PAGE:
It’s a moment that happens often in the life of a wine lover. You taste a bottle of Pinot Noir that might be called life-changing, and you decide to set out on a new path: seeking out nano-wineries, those smaller, harder-to-access producers who are making something truly exceptional.

In Oregon, that’s where you encounter your first problem. Of the 545 registered wineries in the state, roughly half of those could be considered nano-wineries, or wineries producing fewer than 350 to 400 cases annually. Where do you even start?

“It’s not that small batches of wine are better,” says Jeff Woodard, a wine consultant for the industry and proprietor of Woodard Wines, an independent wine boutique in McMinnville. “It’s more about the people making these wines, the ones who are doing it out of passion.”

Indeed, people make wine in small batches for different reasons. For some, the limitations are financial. For many, it’s time constraints — they have full-time jobs, families and other commitments. But the wine bug doesn’t let up when you have a vision. Here, we’re talking about the winemaker as an artist, not necessarily tailoring a wine to fit a market but adjusting the inputs to wine-making based on what is interesting to them. For this subsection of winemakers, it’s more helpful to seek out the higher-level winemakers who are doing wines as a side project, developing their own labels alongside their careers in the industry, or who are small-batch by choice, because it’s the best way to oversee the process.

“There’s not any money in wine at this level,” Woodard says. “These people are doing it out of sheer passion for wine.”

Smaller producers face a number of challenges in finding you. For one, the finances are not always there to advertise. Access to customers is difficult. Very few have tasting rooms. And then there are the numbers. Distributors often won’t touch them —  it’s generally not worth the time to put smaller productions on their list.

So the answer is to go to them. Here are seven Oregon nano-wineries that are making dynamite wine, especially Pinot Noir. These are wine-makers well worth tracking down.

Antiquum Farm

If there is anything such as Slow Wine, Antiquum Farm is it. Farmed in Junction City by Stephen Hagen, who uses old-school farming methods, the vineyard’s grapes are processed by Drew Voit, an associate winemaker at Domaine Serene. The result is a Pinot Noir that is rigidly lively and intense, with a character that is completely its own thing, neither of California nor Oregon.

Matzinger Davies

Matzinger Davies is a wine about a marriage of two great winemakers: Anna Matzinger, the longtime winemaker and co-manager who helped bring Archery Summit’s Pinot Noirs to the top of every wine list, and her husband Michael Davies, the winemaker for A to Z Wineworks and for Rex Hill. Seeking to make wines with vibrancy, authenticity and integrity, the couple sources exceptional fruit from the Eola Hills to make an outstanding Pinot Noir.

Éleveé Winegrowers

Éleveé Winegrowers brings place-driven wines from a handful of micro-sites in the Willamette Valley. Married team Tom and France Fitzpatrick epitomize the ideals of the artist winemaker, growing grapes and embracing many of the unknowns of a changing climate in winemaking to create Pinot Noir known for its exceptional expression of terroir.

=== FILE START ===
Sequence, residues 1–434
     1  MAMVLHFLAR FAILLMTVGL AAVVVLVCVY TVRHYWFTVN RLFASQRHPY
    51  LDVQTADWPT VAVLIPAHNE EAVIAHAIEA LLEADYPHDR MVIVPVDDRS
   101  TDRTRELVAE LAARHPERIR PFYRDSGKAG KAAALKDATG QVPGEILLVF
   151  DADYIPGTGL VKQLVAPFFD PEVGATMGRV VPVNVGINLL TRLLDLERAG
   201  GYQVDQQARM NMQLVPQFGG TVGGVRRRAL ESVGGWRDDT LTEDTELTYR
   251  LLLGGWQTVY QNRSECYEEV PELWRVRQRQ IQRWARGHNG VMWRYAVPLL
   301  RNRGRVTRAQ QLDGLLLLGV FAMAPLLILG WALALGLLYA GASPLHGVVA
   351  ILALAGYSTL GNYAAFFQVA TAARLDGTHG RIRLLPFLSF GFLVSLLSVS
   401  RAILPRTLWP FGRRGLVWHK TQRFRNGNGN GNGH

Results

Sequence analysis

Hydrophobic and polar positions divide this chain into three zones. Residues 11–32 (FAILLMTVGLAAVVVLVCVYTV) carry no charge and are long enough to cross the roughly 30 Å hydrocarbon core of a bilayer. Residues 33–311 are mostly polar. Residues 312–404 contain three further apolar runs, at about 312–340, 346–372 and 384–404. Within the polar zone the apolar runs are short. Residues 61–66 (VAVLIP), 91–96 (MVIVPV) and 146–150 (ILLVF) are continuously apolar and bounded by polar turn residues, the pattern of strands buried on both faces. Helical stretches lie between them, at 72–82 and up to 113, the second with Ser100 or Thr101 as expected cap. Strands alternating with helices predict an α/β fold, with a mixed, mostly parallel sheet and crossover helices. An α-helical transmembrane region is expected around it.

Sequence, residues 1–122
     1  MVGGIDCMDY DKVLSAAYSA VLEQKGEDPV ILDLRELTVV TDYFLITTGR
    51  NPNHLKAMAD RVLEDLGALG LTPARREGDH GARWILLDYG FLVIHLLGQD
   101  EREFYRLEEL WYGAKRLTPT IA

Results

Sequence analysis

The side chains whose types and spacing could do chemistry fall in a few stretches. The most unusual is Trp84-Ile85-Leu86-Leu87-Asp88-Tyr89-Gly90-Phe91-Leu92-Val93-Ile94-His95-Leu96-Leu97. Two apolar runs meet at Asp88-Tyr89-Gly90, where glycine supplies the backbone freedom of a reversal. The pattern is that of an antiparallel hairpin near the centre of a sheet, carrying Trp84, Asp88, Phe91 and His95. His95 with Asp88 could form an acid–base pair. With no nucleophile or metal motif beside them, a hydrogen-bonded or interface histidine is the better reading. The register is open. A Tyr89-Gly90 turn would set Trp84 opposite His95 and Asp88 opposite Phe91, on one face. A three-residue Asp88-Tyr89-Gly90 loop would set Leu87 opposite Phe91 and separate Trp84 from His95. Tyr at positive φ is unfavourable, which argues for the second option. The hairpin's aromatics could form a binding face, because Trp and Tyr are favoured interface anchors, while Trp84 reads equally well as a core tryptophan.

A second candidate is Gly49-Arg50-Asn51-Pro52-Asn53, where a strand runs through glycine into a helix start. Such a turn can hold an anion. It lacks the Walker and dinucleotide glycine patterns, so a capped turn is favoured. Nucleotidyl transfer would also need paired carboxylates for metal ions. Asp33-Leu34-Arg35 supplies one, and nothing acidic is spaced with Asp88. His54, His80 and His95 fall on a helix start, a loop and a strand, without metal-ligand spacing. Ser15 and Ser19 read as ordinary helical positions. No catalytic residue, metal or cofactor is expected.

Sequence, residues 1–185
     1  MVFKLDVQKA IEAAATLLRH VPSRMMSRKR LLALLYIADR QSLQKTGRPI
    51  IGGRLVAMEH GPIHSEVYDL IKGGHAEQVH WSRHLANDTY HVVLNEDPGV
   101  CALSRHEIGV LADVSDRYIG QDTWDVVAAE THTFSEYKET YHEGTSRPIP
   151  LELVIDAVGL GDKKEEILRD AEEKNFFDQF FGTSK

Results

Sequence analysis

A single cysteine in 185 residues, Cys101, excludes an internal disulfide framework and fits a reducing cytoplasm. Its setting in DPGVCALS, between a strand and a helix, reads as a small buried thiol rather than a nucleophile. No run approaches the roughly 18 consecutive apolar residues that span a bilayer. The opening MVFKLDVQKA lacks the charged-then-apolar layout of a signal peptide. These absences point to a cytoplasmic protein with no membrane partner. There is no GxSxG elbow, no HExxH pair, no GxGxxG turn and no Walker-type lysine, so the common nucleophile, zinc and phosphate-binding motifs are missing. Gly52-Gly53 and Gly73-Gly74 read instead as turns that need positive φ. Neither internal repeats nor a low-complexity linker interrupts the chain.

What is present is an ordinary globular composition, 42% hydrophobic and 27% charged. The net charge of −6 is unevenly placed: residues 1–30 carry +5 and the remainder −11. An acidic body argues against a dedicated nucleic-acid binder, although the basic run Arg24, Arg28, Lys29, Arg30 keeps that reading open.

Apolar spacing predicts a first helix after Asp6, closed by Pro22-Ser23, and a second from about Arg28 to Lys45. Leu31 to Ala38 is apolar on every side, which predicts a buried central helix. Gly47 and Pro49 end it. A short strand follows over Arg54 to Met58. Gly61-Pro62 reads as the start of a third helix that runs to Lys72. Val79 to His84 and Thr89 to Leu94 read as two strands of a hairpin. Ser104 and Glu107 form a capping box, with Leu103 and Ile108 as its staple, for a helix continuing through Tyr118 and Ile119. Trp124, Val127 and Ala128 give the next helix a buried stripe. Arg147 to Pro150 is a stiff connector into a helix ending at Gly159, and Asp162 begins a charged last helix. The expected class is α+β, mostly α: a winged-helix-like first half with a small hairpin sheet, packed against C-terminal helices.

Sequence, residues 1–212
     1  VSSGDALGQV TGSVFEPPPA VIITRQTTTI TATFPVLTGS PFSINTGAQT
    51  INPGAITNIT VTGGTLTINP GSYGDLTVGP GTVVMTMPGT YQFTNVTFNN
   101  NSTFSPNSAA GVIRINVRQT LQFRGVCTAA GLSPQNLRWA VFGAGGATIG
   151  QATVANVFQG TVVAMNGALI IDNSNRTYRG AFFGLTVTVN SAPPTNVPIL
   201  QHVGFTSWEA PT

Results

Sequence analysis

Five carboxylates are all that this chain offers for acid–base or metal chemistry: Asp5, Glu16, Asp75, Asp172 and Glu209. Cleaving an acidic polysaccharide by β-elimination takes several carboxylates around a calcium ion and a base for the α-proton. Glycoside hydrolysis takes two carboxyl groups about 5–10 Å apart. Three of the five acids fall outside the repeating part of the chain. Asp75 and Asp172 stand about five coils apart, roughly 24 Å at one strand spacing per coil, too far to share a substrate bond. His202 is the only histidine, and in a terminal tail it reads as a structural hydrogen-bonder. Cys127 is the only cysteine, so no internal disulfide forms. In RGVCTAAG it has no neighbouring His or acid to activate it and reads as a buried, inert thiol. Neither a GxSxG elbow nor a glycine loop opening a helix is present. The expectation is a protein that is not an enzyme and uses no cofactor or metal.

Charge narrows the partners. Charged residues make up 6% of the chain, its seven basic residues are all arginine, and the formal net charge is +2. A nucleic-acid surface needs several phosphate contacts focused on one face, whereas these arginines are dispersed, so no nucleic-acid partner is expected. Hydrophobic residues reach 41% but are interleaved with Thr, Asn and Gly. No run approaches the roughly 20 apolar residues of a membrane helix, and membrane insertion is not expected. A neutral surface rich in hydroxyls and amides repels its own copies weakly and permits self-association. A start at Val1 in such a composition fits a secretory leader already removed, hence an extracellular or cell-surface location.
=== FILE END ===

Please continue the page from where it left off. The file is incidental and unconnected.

Thomas Bachelder

Thomas Bachelder is perhaps unique in the industry — a winemaker with his fingerprint in three grape-growing regions: Burgundy, Oregon and Niagara. In Oregon, where he worked for both Ponzi Wines and Lemelson Vineyards, Bachelder makes a lacy, densely textured Chardonnay with great minerality and tang.

Retour

Founded in 2005, Retour, a project of Lindsay Woodard, has been winning accolades through its hands-on approach to working with 40-year-old vines, with winemakers taking a meticulous approach, often choosing exact times of day to the minute to pluck grape clusters, sometimes with tweezers. The result is a Pinot Noir of the highest echelon, hailed for its explosive palate and succulent mouth-feel.

1789

Isabelle Dutarte had a career in the French wine industry before she started commuting between Oregon and France in 1993. She released her first wines under her 1789 label, a nod to the French Revolution, in 2007. Her Pinot Noir vintages frequently score high for their expressive red berries and delicately perfumed noses, as well as their ability to evoke a feminine harmony in terroir.

Copper Belt Wines

Originally called MotherLode Cellars, Copper Belt Wines, is a rare eastern Oregon winery based in Baker City, one that sources its much of its estate grapes from the highest elevated vineyard in Oregon, Keating Valley Vineyards. Its winemaker, Travis Cook, who works for Advanced Vineyard Systems, a vineyard management company in the Willamette Valley, makes standout big, bold reds.

Main photo: Small independent wine merchants, such as Jeff Woodard of Woodard Wines, in McMinnville, Ore., offer small batches of high-quality wine. Credit: Emily Grosvenor

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Visitors enjoy the outdoor Sculpture Garden at the Paradise Ridge Winery in the Russian River Valley of Sonoma County, California. Credit: Paradise Ridge Winery

On a recent visit to Northern California, I wanted to see how art and wine mix in Sonoma County’s famed wine country. My sister, who works in public relations for the wine industry, took me to visit one of her clients, Paradise Ridge Winery. The Santa Rosa vineyard has a view of many appellations in Sonoma County. The fog, responsible for the deep flavor that imbues the Paradise Ridge Winery wines with their distinctive tastes, was just rolling in. There was a crescent moon. And as a complement to the divine Sauvignon Blanc I was drinking, the evening’s festivities included a tour of the winery’s sculpture gardens that change annually.